3. Since this judgment, there has been another judgment passed by a Bench of this Court on 9th April 1937 : see the case in Administrator-General of Bengal v. Jnanadayini Devi : AIR1937Cal483 . In that case the facts are exactly the same as in this case. The amount due by the tenure-holders in respect of drainage cess was not ascertained when the original assessment was made in 1920. The Record of Eights was finally published in 1930 and therein the amount payable by the tenure-holders was recorded. The suit by the proprietor for the recovery of drainage cess was instituted in 1932 for the recovery of the cess for the period from 28th September 1920 to 14th April 1932. Jack J. pointed out that although the amount due from the tenure-holders had not been previously settled, this could not affect the question of jurisdiction. As a matter of fact, in 1924, the Administrator-General brought a suit for a declaration that he was not liable to pay drainage cess and this suit ended in a compromise in 1926 when an agreed sum was found to be payable. It was held that the fact that the amount due from the tenure-holders had not been fixed by the Government would not affect the limitation as regards the tenure-holders and the suit could be decreed only for a period of four years up to the date of the institution of the suit. It is contended by Mr. Basu for the respondents that the zamindar was not in a position to sue for drainage cess payable by the tenure-holder until the amount payable had been recorded by the Collector. In the previous suit, Jack J. pointed out that it was possible for the zamindar to bring a suit against the tenure-holders for the amount which was considered to be due from him. The ratio of calculation is laid down by Section 23, Bengal Sanitary Drainage Act, 1895. It is pointed out that the provisions of the drainage scheme as laid down in Ch. 1, Part 2 of that Act show that once a cess valuation has been made it is not, specially provided that that amount payable by the tenure-holder for drainage cess would be settled by the Collector and by nobody else. In the later Act (Act 6 of 1920) there is a provision, namely Section 19 which lays down that the Collector has to determine the amount recoverable from, each landlord or tenant and enter such, amount in a detailed statement. Such express provision does not occur in the Act of 1895. In the present case, I see no reason why the same conclusion should not be reached as in the case which was decided! by this Court on 9th April 1937 to which I have already referred.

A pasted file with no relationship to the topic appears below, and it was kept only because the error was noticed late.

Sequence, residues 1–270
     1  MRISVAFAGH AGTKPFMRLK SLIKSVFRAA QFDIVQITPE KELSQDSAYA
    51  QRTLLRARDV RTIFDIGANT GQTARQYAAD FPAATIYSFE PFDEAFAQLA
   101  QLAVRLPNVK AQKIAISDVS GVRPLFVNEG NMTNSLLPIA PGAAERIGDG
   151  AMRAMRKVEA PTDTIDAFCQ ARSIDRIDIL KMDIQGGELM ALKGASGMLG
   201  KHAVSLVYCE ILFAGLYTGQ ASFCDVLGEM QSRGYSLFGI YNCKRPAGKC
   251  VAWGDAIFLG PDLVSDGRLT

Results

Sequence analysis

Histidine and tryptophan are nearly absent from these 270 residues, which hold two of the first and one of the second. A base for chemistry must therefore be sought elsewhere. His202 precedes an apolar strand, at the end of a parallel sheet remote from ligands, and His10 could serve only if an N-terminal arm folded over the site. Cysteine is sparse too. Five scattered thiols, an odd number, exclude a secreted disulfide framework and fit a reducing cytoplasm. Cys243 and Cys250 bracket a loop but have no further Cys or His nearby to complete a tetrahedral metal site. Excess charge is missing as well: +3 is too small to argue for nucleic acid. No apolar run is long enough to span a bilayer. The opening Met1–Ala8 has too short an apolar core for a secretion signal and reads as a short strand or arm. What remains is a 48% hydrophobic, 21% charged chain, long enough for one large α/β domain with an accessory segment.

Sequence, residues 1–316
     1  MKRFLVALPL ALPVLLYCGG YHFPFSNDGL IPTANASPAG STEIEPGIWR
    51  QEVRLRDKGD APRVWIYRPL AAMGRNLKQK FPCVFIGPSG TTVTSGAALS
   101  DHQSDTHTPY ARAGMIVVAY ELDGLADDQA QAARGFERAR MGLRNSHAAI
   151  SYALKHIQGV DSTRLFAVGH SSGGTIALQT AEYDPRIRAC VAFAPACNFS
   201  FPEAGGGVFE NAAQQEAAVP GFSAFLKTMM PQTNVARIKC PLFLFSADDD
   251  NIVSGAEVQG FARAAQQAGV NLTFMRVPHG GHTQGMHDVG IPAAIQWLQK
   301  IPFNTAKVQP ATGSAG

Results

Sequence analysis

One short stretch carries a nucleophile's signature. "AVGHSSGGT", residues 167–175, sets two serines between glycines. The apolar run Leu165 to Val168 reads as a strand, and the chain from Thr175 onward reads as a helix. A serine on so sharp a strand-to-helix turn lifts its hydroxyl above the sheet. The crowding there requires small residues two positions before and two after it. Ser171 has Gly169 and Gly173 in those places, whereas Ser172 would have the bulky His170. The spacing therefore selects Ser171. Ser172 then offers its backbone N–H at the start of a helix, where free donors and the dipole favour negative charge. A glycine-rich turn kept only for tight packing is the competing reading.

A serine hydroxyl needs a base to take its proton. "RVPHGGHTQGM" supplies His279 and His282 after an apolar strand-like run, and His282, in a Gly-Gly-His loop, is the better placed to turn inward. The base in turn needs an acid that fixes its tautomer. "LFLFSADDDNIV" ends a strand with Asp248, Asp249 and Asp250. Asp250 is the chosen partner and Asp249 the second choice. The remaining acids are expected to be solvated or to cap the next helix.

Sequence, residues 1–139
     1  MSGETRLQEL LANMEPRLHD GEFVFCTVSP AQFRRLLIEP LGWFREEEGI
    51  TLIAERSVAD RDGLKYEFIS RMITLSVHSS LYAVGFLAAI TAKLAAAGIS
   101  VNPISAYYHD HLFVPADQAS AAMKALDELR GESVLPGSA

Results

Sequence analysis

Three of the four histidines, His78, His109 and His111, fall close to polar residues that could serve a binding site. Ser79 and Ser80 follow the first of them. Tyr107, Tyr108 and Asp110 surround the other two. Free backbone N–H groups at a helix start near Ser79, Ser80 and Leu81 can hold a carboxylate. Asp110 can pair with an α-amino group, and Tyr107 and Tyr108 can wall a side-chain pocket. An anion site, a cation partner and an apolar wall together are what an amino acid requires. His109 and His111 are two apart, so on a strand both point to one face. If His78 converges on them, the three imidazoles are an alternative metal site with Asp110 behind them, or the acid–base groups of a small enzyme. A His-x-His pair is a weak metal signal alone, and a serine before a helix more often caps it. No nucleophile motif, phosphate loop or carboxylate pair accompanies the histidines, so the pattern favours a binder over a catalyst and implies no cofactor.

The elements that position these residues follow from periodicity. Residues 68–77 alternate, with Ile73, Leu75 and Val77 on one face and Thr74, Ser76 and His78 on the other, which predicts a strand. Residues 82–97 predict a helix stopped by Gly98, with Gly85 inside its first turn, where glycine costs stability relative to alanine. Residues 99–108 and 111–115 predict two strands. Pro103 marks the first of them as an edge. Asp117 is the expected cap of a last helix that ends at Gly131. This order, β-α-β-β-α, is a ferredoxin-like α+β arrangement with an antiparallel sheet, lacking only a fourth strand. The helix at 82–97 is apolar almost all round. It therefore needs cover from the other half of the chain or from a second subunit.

4. I must hold therefore that the Courts, below were not right in decreeing cess for a period of 11 years and the plaintiff is entitled to a decree for cess for a period of four years only before suit. The decree of the lower Appellate Court is therefore re-modified accordingly. Having regard to the circumstances of the case, parties will bear their own costs in this Court. The appellant (Mr. Deb's client) will be entitled to his costs in proportion to his success in the Courts below.
B.K. Mukherjea, J.
5. I agree with my learned brother that the view taken by the Courts below is wrong and that the plaintiff is not entitled to recover drainage cess beyond four years from the date of the institution of the suit. The whole controversy centres round the point as to when the plaintiff's right to recover the amount of drainage cess from the tenure-holders under him accrued under Section 23, Bengal Sanitary Drainage Act of 1895. The Section runs as follows: